Americans need to know about this recent ruling because it will affect the various laws against incentives and disincentives in Texas and 22 other states. It also leaves wind open now for HMO’s to continue even more this practice without fear now of a lawsuit. If such incentives are legal as ruled by the U.S. Supreme Court how will affect care for the millions in HMO that are aging and developing health problems?

What are some of the incentives/rules that HMO’s have for doctors. Although not all HMO’s use all of these, these are the most widely used practices. And the doctors in these HMO’s that you are sitting across from will not tell you these either.

Ordering expensive tests or treatments on patients can be deducted from a doctors pay in an HMO. In some HMO’s, such as in Illinois, they actually receive bonuses for providing less care because less expenses mean for profit for the HMO. Doctors are paid a set amount for each visit ranging from $8 to $12. If they order too many tests, some do not even get the fee and may also have costs deducted from their paycheck. So patients can become financial burdens to the doctor not the HMO.

Dr. Beatrice Murray, a pediatrician in Grand Rapids, Michigan lost her private practice because she cared too much amount the children she treated. She was a contracted HMO doctor, however the HMO started deducting expensive from her $10 fees per visits. She wound up literally going bankrupt caring for children out of her own pocket when the HMO should have been picking up the tab.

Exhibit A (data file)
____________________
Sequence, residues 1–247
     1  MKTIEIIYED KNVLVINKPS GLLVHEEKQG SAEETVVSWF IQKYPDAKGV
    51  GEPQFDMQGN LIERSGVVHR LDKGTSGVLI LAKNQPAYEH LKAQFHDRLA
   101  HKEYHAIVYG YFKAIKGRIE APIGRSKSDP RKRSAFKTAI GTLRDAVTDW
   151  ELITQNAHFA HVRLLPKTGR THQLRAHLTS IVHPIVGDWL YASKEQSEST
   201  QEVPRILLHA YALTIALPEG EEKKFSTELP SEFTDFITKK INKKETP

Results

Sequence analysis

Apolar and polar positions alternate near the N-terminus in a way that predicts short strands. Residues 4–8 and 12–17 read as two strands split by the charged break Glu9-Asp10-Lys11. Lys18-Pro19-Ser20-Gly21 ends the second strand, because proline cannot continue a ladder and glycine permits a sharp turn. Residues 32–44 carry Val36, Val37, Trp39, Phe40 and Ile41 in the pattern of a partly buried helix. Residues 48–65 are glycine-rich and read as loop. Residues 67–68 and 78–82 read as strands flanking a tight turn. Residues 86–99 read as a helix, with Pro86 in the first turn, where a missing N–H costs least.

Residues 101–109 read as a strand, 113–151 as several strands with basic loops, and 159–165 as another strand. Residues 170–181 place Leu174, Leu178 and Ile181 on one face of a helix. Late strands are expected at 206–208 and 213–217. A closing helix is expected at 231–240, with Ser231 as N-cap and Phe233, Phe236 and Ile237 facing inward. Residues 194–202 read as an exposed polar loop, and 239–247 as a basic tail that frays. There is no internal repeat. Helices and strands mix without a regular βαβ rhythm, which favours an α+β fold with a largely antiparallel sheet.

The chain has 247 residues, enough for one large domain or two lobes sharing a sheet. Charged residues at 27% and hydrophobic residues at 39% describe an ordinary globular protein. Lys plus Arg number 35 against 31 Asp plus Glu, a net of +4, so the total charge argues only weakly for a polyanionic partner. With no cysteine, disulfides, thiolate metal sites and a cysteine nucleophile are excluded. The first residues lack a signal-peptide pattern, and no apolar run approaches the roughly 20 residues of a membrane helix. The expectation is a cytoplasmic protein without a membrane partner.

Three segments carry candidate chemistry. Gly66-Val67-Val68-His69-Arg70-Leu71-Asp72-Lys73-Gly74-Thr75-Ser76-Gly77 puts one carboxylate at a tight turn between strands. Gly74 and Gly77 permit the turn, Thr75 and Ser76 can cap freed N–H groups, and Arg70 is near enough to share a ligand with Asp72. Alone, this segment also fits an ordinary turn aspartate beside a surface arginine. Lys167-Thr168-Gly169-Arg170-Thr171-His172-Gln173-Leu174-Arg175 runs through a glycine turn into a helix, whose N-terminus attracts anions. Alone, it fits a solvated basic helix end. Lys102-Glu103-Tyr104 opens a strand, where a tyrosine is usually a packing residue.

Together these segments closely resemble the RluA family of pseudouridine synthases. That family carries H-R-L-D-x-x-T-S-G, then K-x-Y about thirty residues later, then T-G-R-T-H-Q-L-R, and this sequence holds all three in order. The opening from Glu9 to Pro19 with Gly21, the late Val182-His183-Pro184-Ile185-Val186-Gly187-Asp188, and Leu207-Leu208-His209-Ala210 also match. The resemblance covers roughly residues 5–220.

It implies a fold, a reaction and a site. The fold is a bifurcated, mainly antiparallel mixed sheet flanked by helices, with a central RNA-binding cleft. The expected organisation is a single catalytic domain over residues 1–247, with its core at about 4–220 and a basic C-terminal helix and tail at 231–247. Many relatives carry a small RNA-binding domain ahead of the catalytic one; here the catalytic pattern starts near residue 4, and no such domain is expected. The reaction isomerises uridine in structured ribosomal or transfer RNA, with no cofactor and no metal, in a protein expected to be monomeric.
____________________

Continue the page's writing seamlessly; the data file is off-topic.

It has gotten so bad recently in some HMO’s that some doctors head of a financial burden by not accepting certain patients with known costly health problems. There are many documented cases where doctors in HMO’s have refused to see a patient because they have diabetes, cancer and especially if they are disabled from some condition or injury. There are doctors that do still follow their health oath, but when they do, they usually get fired from the HMO. A recent case in was where a doctor was fired becasuse he actually attracted these type of people because of his being known as a good doctor.

Some HMO’s will actualy fire doctors for treating patients too aggressively or expensively. How do they do this...the HMO’s in this country have invested hundreds of millions of dollars on extensive computers and programs to track doctors and patients individually. HMO’s know exactly how much each patient is costing them. For those that have prescriptions paid by their HMO, be careful. You may be getting less type drugs in treating your illness because they cost less. Now here is the bothersome matter. Many doctors now are contracted with HMO’s for a set per fee basis with deductions. If you have a major illness, they usually turn your case over to a doctor that works directly for an HMO at the hospital. Be real careful here for this is where the penny pinching really starts.